• Flowering petals with brighter colors or unusual patterns
  • Shallow roots that spread out from the base of the weed
  • An occasional odor emanating from certain weeds
  • Rapid growth compared to other plants in the vicinity

Types Of Lawn Weeds

To truly identify common lawn weeds, you have to first understand the difference between the two main categories of weeds: broadleaf and grassy. Weeds that belong to one of these categories do have distinct characteristics that differentiate them from weeds in the other category. Let's take a closer look at what makes weeds in these categories different from one another so you can confidently identify any troublesome plants in your lawn and yard!

Broadleaf Weeds

white clover (1)

Broadleaf weeds are identifiable by their famously thick and wide leaves (hence the name) that vary in color from the surrounding plants in your yard. Depending on the species of broadleaf weed, the plant may produce a single flower or cluster of flowers. Broadleaf weeds can grow annually, biennially, or perennially, making their growth and control needs difficult to predict. These weeds are known to multiply quickly, utilizing a mixture of both rhizomes and seeds to sprout new shoots. Broadleaf weeds can have a very shallow root system near the surface of the soil, or they can have deep central taproots.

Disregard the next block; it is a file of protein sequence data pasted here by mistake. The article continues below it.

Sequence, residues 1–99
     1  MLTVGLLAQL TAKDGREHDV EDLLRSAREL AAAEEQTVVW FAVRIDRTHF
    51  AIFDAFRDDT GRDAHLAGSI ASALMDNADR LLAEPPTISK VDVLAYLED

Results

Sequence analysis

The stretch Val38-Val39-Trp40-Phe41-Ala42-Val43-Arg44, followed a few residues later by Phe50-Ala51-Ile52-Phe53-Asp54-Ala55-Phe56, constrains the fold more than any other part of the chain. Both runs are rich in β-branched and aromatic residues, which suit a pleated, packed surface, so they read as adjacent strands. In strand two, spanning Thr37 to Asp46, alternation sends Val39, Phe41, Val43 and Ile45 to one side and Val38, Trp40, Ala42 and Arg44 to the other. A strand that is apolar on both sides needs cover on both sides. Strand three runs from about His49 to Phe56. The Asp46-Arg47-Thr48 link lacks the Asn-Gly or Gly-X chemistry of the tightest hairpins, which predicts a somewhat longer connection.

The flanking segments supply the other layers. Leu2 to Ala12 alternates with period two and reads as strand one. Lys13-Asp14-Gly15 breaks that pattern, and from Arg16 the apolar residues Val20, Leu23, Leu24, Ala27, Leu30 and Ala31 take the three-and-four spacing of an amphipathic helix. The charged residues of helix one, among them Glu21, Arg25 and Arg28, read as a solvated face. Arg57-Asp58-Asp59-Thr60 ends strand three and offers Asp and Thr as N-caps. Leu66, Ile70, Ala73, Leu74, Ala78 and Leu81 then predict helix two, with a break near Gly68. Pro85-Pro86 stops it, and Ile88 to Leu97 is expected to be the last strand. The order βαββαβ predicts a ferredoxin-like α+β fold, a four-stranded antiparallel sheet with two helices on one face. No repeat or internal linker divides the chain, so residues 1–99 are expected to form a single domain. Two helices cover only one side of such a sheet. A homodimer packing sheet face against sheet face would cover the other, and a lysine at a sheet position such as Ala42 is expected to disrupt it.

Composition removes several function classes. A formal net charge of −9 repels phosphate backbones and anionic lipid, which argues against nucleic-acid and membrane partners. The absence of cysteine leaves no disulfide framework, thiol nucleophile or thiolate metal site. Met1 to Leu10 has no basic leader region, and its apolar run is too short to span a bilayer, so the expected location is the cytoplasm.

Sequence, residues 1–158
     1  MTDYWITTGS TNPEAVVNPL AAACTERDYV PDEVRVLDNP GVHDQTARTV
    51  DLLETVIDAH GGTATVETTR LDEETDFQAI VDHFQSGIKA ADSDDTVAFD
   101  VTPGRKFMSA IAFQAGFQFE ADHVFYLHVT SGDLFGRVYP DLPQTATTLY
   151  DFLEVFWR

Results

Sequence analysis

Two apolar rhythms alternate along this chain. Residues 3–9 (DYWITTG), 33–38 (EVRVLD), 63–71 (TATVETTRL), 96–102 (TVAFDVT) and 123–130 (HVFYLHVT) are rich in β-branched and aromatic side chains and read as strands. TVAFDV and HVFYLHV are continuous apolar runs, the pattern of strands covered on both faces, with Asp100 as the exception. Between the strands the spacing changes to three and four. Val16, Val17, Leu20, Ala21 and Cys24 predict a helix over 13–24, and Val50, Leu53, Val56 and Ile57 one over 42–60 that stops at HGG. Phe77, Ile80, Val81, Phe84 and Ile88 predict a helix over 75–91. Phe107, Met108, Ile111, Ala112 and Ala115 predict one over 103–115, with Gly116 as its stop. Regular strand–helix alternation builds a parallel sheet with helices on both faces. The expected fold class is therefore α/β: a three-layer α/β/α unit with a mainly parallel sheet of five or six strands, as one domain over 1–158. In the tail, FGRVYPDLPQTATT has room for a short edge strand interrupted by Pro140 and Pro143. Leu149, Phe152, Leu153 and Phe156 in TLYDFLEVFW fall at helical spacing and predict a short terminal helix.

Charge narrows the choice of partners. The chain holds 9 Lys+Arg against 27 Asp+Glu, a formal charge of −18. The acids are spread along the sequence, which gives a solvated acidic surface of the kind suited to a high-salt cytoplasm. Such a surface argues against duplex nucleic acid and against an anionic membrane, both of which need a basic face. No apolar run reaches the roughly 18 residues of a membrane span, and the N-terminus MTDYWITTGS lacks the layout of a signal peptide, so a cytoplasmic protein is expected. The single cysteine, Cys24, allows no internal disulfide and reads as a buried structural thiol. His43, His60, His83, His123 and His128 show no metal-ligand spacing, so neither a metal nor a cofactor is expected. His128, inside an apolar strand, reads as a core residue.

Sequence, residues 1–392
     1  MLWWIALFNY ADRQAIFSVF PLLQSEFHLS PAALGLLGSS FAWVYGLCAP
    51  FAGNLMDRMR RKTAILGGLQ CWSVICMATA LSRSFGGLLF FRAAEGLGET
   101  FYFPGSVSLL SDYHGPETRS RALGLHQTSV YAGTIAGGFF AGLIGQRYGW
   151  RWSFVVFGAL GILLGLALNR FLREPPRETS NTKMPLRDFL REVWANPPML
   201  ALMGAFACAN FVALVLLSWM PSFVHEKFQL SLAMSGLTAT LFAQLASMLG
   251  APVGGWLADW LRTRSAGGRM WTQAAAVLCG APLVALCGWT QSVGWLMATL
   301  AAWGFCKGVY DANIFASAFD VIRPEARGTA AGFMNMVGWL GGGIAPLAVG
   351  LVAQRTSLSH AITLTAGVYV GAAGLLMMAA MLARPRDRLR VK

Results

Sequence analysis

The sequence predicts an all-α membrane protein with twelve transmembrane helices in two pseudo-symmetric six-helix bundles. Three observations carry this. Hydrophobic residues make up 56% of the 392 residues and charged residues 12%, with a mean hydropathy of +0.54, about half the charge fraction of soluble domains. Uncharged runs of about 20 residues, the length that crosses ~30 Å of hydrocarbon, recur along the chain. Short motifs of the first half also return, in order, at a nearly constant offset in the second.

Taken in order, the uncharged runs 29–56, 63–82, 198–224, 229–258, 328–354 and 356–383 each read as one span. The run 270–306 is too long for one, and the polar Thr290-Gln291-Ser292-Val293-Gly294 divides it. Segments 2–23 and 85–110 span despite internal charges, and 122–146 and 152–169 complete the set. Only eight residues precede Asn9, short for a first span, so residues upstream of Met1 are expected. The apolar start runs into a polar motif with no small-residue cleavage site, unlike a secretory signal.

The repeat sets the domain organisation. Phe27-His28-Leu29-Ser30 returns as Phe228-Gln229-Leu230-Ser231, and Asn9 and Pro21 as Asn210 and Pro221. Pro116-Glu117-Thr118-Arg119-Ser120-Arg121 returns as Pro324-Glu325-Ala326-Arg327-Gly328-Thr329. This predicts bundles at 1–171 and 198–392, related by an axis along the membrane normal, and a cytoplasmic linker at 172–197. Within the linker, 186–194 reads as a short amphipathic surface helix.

Common Broadleaf Weeds:

  • White Clover
  • Dandelion
  • Spotted Spurge
  • Thistle
  • Field Bindweed
  • Violets

Grassy Weeds

crabgrass bunch growth

Grassy weeds are much more difficult to identify because they share many physical characteristics with desirable grass species. The best way to differentiate between grassy weeds and healthy turfgrass is to look for patches in your lawn that are not uniform with the color and growth habits of the rest of the grass in your lawn. Depending on the type of grassy weed, you can sometimes identify them by their rolled or folded leaf shape, which is usually different from that of turfgrass. Many grassy weeds have notoriously shallow roots that easily steal nutrients from the rest of your lawn. Though some grassy “weeds” can be used to create an entire lawn, it is when they pop up in existing lawns unexpectedly that they pose a threat to the surrounding grass.